7 by 10 LED Moving Sign
This sign I designed uses no microprocessor. It has an eprom and multiple counters. As in most electric signs, the LEDs are matrixed, and strobed very quickly to make it possible for all 70 LEDs
to appear lit. This sign is strobed horizontally, unlike most large signs which are strobed vertically. I did it this way because electrically it was simpler. The eprom has 8 outputs, of which I used 7 of
them to drive the 7 horizontal rows. The eprom outputs are not strong, so they are buffered. The 10 vertical columns are activated in sequence, giving a 1/10 duty cycle. I used the 8th output of the
eprom to drive the reset for all the counters, so the circuit loops when empty memory is reached, allowing for short or long messages. With a 27C512 eprom(64k bytes), messages and animations
can be almost a minute long!
Filling 65536 bytes of memory is easy, but "quality time" takes some programming. I wrote a little message compiler program that produces binary files compatible with an eprom programmer. The
first program I wrote(the latest version is cgrom7.exe) allows you to write a message or import a text file. It uses a font map(cgrom.dat) that I created. The letters look like standard 5x7 dot matrix
letters. Not quite two letters fit side by side on the display, because I allowed a one-pixel wide column between each letter. The effect is quite pleasing, because the message moves horizontally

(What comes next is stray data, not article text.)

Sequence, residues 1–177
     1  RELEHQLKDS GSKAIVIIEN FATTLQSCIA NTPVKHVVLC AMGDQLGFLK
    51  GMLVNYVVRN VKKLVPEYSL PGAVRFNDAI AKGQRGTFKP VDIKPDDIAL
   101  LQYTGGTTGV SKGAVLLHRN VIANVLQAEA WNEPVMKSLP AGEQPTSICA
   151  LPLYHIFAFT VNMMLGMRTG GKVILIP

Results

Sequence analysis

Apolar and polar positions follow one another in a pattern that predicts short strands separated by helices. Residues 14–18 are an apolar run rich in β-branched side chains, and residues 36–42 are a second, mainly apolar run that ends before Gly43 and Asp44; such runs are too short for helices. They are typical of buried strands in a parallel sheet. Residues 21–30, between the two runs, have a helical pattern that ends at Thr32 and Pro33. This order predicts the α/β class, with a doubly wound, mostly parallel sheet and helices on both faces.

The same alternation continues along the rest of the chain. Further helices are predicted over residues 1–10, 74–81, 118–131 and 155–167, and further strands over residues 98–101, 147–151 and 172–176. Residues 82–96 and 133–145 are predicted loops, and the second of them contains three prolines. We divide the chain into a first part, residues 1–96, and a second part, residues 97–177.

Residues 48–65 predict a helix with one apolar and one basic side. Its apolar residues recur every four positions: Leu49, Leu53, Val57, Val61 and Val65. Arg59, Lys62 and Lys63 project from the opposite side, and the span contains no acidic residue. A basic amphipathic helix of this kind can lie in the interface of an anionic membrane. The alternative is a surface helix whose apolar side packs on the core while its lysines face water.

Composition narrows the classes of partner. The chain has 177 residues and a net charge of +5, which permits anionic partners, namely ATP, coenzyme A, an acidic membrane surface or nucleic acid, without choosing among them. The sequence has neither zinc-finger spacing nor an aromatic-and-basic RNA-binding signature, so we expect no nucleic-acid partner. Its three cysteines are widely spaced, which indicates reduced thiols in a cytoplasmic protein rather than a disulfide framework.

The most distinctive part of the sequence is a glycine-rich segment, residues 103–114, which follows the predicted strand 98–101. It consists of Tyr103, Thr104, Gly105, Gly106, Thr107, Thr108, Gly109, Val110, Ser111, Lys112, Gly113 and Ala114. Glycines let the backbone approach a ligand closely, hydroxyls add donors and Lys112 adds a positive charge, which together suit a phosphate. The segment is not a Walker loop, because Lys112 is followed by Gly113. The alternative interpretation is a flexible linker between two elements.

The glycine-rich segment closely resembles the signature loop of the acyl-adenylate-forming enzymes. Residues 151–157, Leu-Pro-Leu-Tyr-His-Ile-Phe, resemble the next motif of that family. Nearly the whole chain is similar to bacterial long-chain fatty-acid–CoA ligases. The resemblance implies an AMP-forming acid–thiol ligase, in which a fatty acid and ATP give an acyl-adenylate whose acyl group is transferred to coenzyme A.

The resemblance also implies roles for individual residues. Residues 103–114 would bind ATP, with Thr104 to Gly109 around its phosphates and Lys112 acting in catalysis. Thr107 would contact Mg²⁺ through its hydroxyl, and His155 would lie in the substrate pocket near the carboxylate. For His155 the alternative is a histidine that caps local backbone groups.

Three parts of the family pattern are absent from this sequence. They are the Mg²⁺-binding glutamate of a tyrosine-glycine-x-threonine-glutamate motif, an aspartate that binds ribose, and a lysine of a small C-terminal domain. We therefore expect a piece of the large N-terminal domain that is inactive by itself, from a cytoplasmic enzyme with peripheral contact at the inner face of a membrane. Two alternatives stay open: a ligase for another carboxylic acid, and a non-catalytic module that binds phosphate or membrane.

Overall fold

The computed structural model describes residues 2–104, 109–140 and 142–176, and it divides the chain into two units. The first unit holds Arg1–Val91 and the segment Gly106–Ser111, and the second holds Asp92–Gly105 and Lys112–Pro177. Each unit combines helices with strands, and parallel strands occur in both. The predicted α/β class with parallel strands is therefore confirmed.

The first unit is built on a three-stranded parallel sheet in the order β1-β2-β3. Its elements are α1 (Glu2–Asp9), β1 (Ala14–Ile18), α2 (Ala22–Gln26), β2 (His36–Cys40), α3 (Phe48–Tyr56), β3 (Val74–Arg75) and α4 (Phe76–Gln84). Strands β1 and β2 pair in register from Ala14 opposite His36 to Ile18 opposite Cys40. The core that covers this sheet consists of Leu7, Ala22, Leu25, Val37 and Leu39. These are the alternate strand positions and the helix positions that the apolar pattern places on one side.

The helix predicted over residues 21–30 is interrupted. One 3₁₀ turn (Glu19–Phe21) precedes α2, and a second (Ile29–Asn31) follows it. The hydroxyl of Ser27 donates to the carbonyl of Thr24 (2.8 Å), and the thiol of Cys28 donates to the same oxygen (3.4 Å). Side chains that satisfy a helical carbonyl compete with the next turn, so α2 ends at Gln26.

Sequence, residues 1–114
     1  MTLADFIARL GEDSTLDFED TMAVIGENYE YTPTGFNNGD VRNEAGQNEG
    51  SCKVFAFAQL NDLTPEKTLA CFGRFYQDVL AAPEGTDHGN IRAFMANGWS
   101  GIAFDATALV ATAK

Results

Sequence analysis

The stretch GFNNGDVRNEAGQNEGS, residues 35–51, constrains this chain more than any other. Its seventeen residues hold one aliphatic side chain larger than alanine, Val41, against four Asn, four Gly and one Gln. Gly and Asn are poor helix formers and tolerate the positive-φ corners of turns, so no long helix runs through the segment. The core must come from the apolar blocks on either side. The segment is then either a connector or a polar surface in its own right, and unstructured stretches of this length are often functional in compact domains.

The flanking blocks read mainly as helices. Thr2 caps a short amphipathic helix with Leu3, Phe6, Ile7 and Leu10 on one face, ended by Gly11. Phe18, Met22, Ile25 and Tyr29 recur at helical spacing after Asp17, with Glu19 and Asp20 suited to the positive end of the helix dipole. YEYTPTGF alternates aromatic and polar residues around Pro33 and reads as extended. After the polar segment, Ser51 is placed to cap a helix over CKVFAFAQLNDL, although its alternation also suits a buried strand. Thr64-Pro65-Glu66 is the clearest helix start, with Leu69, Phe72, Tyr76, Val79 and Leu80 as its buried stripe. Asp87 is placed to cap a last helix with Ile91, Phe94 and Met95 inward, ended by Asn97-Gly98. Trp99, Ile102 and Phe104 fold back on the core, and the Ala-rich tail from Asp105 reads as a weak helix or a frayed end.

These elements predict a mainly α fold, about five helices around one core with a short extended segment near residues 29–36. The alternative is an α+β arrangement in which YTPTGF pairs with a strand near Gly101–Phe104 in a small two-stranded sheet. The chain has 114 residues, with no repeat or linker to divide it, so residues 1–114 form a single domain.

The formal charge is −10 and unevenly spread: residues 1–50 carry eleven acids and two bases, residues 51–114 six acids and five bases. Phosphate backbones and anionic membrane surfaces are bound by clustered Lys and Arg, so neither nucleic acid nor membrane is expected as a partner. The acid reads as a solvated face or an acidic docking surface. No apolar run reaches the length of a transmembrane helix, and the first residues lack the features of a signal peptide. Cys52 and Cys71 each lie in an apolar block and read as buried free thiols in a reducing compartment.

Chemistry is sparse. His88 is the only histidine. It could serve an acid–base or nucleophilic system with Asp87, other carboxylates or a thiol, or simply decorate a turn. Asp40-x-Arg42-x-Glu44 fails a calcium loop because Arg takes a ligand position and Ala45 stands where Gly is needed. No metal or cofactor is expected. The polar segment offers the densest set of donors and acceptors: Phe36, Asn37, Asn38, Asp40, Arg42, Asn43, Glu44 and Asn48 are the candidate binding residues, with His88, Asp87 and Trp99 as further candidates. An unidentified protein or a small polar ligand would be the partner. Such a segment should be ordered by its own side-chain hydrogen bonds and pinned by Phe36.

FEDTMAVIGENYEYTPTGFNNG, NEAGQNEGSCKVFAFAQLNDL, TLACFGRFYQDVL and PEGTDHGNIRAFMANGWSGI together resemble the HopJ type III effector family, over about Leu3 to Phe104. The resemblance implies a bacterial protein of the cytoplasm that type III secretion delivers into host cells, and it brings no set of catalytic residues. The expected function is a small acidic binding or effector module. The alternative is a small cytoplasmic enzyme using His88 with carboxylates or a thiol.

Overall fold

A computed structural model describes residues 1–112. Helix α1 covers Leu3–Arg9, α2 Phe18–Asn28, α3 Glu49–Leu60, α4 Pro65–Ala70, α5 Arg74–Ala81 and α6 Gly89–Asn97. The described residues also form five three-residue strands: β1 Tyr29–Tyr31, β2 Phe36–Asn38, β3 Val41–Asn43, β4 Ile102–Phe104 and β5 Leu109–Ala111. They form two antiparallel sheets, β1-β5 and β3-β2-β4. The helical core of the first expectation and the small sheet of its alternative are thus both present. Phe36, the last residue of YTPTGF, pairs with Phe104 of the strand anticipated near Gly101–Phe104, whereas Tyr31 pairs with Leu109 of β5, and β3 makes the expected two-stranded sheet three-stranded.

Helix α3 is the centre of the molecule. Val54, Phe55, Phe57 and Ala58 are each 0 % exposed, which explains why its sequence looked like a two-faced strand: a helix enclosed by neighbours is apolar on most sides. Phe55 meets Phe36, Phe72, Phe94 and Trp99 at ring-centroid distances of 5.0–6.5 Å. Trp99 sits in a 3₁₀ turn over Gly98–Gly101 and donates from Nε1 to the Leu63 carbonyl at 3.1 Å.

one pixel at a time(In truth, each frame is displayed several times before it moves).
The second program I wrote(romart03.exe) is a paint and animation program. You "light up" pixels on a large screen and have a 7x10 window that you can move around, and write frames to a binary
file as you choose. The program does a couple of other things that allow you to chain files together, etc.
I put the two programs together along with the font file into a zip file you'll want to get if you build a
sign of your own. While you're at it, take a look at the schematic diagram of the circuit. Please note
that this schematic has a lot of my shorthand and will be undecipherable by all but the most savvy.
Important Construction Note: The use of decoupling capacitors(not shown in the schematic) is not optional! Spread three or four 0.1uF caps throughout the circuit.
Update! Thanks to Jon Renck, I can present a better schematic. John "unrolled the loops" and drew a complete schematic, and I fixed a couple of confusing points, and here it is. sign2jr.gif, you might want to download it rather than viewing it online. Although only 63K, it is a multi-megapixel bitmap and will crash some browsers.
The software and hardware are released into the public domain.
Please enjoy these other pictures of the sign